A few days have passed since Germany edged Serbia to win the 2023 FIBA World Cup at Manila. Many lamented the tournament’s lack of star power as Nikola Jokic, Giannis Antetokounmpo, and literally an entire roster worth of American superstars decided to forgo this two-week tourney.

Despite the lack of big names though, the World Cup turned out to be a tremendous success. The ever-growing international basketball landscape provided fans with a thrilling competition that had no clear cut favorite and many signature moments.

Each team walked away with their fair share of victories, whether actual or moral, and picked up some insights along the way as well. An entire book would be needed to analyze each team’s World Cup stint, but a few of the most important ones are enumerated below.

Franz Wagner is going to be a force to be reckoned with

The 22-year-old Wagner wound up playing only four games in the FIBA World Cup after sustaining an ankle injury in Germany’s opening match. They managed to make it through the group phase undefeated before Wagner returned in the quarterfinals to help them win it all.

Though it was Dennis Schroder who was (rightfully) named the tournament’s Most Valuable Player, Germany would not have won the gold medal without Wagner who averaged 19 points per game over their three final phase games. Each of those contests went down the wire and Germany’s cumulative winning margin for all three was just 10 points.

The on-court presence of Wagner–a mobile 6’10 forward who moves like a much smaller guard–kept defenses honest and ultimately freed up the floor for Schroder to take over late in the final versus Serbia.

Wagner will only get better with age and though Schroder is still only 29 years old, it appears imminent that it is only a matter of time before this team is his. He looks like he is all set to challenge for a spot on the NBA All-Star team this season and is already the best German-born player since Hall of Famer Dirk Nowitzki.

Serbia should be favored heading into the 2024 Paris Olympics

Even without reigning NBA Finals Most Valuable Player Nikola Jokic, a Serbia team that had only one NBA player in Bogdan Bogdanovic still managed to snag the silver medal in the World Cup. Serbia’s balanced attack overwhelmed their opponents who were constantly bombarded with three-pointers and physical play.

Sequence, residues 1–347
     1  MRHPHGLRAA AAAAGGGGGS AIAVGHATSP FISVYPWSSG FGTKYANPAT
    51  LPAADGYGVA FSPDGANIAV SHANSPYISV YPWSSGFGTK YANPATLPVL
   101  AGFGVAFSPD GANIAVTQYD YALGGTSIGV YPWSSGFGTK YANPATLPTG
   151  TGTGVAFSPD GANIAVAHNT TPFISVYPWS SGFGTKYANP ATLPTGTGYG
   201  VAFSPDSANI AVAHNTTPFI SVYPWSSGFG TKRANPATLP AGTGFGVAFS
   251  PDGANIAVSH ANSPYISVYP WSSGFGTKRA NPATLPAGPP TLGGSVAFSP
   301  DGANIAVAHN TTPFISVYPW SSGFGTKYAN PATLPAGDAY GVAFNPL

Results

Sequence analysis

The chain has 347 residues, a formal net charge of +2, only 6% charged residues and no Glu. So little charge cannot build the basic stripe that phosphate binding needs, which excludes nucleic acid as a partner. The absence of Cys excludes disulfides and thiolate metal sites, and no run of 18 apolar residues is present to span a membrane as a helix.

Come next year’s Paris Olympics, Serbia should be considered among the favorites–if not the favorite–to take home the gold medal if Jokic does decide to suit up. The 28-year-old fits perfectly with the Serbia team that just played in Manila and adding an Olympic gold medal to his resume will only bolster his growing case as one of the greatest players to ever play the game.

Team USA needs to get its act together

The model is clearly not working.

Team USA has fallen short in winning gold in the last two World Cups and they have not even been able to take home a silver or bronze medal. The Americans finished seventh in 2019 and fourth this year after winning it all in 2010 and 2014.

Team USA has historically struggled to attract top talent for this tournament dating back to the 2000s and this year was no different.

Their current pick-up basketball style system where the team’s composition changes from summer to summer needs to go. At this point in time, establishing some continuity akin to the Redeem Team era is now a “need” rather than just a “want.”

Following his team’s loss to Canada in the bronze medal game, USA head coach Steve Kerr said that “This is not 1992 anymore” in reference to the Dream Team’s dominance. While Kerr’s statement is indeed correct, he sounds like a broken record at this point.

It only took the world 10 years to catch up to Team USA as the 2002 World Cup, then known as the World Championships, revealed the flaws of their program. 20 years later, the USA has yet to fully adjust. The USA is very much aware of their vulnerability and the most important question to ask now is why they allowed themselves to revert to this year-by-year system in the first place.

The Redeem Team already set a foundation, but it was thrown out the window by the 2012 Olympics. For now, they are back to clinging on to memories of the Dream Team and a bygone era when their complacency had no real consequences.